Quick GuideMale Incontinence Pictures: Treat and Manage the Condition

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Kegel Exercises for Overactive Bladder

Pelvic muscle rehabilitation to improve pelvic muscle tone and prevent leakage

Kegel exercises: Regular, daily exercising of pelvic muscles can improve, and even prevent, urinary incontinence.

  • This is particularly helpful for younger women.
  • These exercises should be performed 30-80 times daily for at least eight weeks.
  • These exercises are thought to strengthen the muscles of the pelvis and urethra, which can support the opening to the bladder to prevent incontinence.
  • Their success depends on practicing the proper technique and the recommended frequency.

How can men perform Kegel exercises?

Prior to beginning the exercises, it is important to localize the pelvic floor muscles. A simple way to start is to attempt to stop urine flow midway through. The muscles allowing for the pause in urination are the ones targeted by the Kegel exercises. However, several studies have demonstrated the importance of contracting the appropriate muscles and one study demonstrated significant differences in the muscles contracted with the following commands: "shorten the penis," "elevate the bladder," and "tighten the anus." Thus, if one is not responding to therapy, a health care professional should ensure that the patient contracts the correct muscles. Such therapy includes transperineal ultrasound (placing the ultrasound probe on the area below the scrotum and in front of the anus). Ultrasound evaluation can also be performed transabdominally.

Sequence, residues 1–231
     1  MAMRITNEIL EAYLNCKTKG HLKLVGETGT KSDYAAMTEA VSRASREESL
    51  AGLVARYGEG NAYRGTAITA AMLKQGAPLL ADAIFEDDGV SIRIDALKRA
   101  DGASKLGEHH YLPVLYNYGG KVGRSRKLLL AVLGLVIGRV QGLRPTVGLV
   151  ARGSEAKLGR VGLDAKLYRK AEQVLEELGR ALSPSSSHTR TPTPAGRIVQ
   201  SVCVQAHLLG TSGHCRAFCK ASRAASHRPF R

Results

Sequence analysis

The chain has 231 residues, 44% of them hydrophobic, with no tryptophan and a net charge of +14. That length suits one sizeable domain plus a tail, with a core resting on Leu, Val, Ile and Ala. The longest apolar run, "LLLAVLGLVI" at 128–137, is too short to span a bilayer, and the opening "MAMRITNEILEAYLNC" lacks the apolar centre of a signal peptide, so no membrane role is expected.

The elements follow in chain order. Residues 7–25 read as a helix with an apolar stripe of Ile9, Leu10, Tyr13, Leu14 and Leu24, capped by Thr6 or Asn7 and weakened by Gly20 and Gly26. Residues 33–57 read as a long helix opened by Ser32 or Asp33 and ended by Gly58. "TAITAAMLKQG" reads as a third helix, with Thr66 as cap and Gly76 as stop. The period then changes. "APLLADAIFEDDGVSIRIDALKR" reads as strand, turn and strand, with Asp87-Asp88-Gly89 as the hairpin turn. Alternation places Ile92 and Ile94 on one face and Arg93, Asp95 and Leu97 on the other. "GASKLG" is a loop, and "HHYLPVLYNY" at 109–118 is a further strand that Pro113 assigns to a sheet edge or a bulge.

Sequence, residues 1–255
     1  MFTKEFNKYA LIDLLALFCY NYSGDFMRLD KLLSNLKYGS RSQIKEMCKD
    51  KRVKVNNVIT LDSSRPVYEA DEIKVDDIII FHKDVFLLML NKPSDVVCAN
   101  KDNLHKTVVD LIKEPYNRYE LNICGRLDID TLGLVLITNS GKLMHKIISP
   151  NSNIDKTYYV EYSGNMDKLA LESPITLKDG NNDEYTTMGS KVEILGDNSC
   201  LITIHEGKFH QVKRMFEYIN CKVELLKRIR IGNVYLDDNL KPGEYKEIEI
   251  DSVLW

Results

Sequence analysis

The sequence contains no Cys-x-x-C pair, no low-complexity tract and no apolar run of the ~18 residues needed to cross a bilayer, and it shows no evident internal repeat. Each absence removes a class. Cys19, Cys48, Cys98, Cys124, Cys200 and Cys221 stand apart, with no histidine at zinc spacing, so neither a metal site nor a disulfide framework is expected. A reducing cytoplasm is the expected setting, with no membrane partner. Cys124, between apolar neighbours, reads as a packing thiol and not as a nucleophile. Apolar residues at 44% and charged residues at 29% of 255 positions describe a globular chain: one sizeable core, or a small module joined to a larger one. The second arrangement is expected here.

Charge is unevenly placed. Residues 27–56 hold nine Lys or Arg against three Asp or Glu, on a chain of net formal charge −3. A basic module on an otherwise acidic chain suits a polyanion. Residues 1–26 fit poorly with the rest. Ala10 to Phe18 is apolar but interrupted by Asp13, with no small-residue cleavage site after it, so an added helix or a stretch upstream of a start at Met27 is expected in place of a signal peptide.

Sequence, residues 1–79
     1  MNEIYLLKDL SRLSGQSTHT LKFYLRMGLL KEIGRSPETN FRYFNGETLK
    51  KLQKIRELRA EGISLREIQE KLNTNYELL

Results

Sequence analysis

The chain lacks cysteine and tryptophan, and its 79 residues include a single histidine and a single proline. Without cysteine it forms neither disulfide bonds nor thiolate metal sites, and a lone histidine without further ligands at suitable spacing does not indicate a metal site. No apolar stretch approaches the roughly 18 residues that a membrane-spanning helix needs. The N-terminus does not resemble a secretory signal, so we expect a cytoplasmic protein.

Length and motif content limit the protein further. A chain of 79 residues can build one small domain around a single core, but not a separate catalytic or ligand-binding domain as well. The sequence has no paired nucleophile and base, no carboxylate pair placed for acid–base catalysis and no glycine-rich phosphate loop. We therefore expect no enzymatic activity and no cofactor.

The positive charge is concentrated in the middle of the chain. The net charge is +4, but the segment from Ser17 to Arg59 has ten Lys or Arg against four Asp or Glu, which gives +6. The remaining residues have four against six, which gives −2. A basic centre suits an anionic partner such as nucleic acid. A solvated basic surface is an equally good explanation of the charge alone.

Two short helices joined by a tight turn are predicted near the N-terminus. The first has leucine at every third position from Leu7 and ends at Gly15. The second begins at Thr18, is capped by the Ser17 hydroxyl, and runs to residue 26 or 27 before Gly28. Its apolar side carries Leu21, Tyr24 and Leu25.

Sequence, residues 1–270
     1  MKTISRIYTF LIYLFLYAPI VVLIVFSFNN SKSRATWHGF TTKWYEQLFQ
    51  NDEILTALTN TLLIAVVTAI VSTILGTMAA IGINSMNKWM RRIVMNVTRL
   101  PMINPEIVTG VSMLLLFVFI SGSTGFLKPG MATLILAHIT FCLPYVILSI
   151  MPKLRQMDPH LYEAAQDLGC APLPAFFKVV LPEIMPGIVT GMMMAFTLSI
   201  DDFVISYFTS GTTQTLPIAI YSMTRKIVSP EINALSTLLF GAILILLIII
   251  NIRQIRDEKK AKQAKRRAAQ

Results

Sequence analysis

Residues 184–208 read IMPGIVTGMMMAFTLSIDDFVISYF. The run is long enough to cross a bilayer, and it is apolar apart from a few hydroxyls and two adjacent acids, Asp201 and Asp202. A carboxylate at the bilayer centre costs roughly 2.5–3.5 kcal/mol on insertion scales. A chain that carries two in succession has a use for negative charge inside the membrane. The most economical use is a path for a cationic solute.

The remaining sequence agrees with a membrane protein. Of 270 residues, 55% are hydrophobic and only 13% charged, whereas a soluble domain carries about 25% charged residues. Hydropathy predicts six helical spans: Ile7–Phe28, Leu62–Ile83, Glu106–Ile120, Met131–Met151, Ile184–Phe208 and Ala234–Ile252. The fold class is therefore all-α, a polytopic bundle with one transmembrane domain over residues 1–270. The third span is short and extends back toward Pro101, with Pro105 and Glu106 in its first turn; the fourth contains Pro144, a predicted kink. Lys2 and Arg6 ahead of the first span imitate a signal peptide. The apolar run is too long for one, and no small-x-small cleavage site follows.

The first technique requires a contraction of the anus muscles as if trying to hold in gas. The feeling of a pulling or lifting sensation on the anus tells you that you are performing the exercise correctly.

The second requires the use of a mirror in order to observe the movement of your penis vertically without moving the rest of your body. An elevator analogy can illustrate the exercise. The anus, in this case, can represent an elevator. The goal of the exercise is to bring up the elevator over five seconds to its maximal level and then to bring it gradually back down to the resting level.